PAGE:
Haloperidol is well absorbed after oral dosing. There is a first pass metabolism leading to a reduced oral bioavailability of the drug (60 to 70%). Peak plasma-levels are observed after 3 to 6 hours.

Intramuscular injections

The drug is well and rapidly absorbed and has a high bioavailability. Plasma-levels reach their maximum within 20 minutes after injection.

Intravenous injections

The bioavailability is 100% and the very rapid onset of action is seen within about ten minutes. The duration of action is 3 to 6 hours. If haloperidol is given as slow IV infusion, the onset of action is retarded, but the duration prolonged compared to IV injection.

Therapeutic concentrations

Plasma levels of 4 micrograms per liter to 20 (up to 25) micrograms per liter are required for therapeutic action. The determination of plasma levels can be used to decide about dose adjustments and to check compliance, particular in long-term patients. Plasma levels in excess of the therapeutic range may lead to a higher incidence of side-effects or even pose the risk of haloperidol intoxication.


Haloperidol is used in the control of the symptoms of:

  • Acute psychosis, such as drug psychosis (LSD, amphetamines, PCP), psychosis associated with high fever or metabolic disease
    Acute and chronic schizophrenia
    Acute manic phases until the concomitantly given first-line drugs such as lithium or valproate are effective
    Hyperactivity, aggression
    Acute delirium
    Otherwise uncontrollable severe behavioral disorders in children and adolescents
    Agitation and confusion associated with cerebral sclerosis
    Adjunctive treatment of alcohol and opioid withdrawal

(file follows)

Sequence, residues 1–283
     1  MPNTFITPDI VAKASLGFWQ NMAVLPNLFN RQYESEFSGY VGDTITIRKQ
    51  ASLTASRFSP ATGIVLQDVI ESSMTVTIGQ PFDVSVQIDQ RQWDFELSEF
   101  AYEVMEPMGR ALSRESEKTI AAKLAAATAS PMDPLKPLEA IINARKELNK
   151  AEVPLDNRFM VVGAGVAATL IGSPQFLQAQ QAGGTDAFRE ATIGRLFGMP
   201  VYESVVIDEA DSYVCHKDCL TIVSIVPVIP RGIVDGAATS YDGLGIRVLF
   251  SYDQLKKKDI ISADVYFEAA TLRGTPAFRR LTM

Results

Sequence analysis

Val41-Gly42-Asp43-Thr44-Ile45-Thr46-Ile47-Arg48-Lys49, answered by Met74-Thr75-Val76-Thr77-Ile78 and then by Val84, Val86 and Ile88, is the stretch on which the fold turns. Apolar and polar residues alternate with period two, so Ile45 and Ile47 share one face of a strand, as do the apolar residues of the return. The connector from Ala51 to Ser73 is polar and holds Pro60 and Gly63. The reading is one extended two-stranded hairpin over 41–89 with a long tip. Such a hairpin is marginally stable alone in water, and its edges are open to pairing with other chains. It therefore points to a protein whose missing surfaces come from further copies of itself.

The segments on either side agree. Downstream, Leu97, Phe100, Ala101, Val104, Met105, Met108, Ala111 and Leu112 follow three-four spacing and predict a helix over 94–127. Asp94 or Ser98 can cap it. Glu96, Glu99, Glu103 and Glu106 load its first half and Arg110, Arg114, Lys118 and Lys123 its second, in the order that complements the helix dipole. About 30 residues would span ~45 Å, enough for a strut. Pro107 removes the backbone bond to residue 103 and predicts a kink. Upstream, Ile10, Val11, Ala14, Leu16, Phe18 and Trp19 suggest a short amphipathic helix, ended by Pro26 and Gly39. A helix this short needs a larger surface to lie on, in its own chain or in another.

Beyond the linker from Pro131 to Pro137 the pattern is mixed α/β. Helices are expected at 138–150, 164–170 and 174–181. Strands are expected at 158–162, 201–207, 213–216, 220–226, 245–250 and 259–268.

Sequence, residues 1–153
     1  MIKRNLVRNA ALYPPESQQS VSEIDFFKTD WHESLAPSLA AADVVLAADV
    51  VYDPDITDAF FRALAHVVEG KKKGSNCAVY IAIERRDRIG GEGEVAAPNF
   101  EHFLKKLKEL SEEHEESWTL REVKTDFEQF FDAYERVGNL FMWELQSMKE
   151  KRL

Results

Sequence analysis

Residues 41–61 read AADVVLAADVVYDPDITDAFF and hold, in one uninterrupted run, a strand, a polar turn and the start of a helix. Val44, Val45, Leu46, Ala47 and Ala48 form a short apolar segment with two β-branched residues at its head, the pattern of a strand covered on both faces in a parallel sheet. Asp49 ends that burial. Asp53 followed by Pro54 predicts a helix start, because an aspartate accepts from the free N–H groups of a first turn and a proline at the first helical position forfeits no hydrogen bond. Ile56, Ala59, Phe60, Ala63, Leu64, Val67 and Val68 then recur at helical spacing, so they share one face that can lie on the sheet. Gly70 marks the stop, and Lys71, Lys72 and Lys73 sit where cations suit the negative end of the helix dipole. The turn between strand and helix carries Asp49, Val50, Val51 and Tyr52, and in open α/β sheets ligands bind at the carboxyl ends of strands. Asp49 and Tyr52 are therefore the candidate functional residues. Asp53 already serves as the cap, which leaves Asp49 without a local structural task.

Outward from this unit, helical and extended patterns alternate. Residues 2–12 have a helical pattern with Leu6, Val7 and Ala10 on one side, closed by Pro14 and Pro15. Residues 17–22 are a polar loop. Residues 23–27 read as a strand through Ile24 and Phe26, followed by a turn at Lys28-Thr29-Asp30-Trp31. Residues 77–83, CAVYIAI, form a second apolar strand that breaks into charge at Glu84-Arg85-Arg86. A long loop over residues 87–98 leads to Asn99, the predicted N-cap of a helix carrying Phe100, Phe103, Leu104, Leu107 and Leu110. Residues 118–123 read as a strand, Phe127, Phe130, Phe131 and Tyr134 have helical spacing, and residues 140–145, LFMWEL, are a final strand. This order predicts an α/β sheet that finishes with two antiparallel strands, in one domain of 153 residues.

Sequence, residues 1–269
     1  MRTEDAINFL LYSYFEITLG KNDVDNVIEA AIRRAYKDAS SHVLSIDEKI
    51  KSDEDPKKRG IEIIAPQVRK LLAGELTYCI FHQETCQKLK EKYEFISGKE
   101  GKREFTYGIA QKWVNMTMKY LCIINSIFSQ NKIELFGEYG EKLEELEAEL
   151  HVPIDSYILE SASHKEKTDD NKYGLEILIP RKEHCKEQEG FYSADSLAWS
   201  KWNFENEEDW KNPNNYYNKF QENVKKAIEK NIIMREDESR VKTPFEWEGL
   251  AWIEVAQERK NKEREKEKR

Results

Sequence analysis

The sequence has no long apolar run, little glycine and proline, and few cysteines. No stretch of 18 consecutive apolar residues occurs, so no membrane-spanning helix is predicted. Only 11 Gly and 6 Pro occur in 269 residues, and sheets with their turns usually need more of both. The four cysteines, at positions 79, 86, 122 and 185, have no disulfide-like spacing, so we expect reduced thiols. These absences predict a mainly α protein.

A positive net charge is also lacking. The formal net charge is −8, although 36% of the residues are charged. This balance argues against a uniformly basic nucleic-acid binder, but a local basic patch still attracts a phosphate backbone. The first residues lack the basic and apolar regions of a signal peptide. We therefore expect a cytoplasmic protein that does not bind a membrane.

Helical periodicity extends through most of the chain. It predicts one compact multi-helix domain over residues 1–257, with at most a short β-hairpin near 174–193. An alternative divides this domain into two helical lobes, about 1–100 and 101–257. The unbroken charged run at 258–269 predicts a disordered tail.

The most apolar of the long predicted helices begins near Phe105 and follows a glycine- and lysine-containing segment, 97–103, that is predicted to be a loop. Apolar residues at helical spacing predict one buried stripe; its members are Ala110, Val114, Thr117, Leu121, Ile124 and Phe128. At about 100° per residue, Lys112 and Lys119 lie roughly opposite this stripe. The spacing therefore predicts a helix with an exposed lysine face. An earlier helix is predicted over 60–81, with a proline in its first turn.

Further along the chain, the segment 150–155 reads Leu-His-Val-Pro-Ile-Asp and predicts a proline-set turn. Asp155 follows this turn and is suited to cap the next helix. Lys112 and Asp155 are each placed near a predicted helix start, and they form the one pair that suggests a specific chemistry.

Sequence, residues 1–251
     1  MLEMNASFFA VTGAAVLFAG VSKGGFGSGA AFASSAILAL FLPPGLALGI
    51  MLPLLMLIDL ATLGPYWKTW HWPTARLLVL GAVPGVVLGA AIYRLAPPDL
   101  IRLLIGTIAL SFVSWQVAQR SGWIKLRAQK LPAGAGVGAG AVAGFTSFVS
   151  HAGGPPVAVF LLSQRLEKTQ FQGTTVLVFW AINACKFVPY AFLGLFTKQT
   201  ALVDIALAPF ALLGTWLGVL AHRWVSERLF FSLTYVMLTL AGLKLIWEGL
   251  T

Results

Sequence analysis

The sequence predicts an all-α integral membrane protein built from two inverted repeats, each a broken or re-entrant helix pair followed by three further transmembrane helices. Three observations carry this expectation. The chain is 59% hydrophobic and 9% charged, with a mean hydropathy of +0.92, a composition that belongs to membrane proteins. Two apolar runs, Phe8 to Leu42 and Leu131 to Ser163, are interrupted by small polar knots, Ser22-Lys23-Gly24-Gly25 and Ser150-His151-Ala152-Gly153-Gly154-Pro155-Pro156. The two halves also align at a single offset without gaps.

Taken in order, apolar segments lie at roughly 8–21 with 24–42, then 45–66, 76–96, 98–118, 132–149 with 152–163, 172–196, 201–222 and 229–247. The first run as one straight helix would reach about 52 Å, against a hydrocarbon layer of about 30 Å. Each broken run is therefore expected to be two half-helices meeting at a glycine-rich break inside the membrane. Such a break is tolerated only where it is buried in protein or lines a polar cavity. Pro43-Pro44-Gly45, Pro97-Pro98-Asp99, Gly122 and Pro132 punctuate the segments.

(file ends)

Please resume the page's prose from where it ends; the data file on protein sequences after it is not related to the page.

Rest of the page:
Treatment of neurological disorders such as tics, Tourette syndrome, and chorea
    Treatment of severe nausea/emesis (postoperative, side-effects of radiation and cancer chemotherapy)
    Adjunctive treatment of severe chronic pain, always together with analgesics
    Therapeutic trial in personality disorders such as borderline personality disorders

Some weeks or even months of treatment may be needed before a remission of schizophrenia is evident.

In some clinics the use of atypical neuroleptics (e.g. clozapine, risperidone, olanzapine, ziprasidone) is generally preferred over haloperidol, because these drugs have an appreciably lower incidence of extrapyramidal side-effects. Each of these drugs, however, has its own spectrum of potentially serious side-effects (e.g. agranulocytosis with clozapine, weight gain with increased risk of diabetes and of stroke). Atypical neuroleptics are also much more expensive and have recently been the subject of increasing controversy regarding their efficacy in comparison to older products and side effects.

Haloperidol is considered indispensable for treating psychiatric emergency situations. It is enrolled in the World Health Organization "List of Essential Medicines".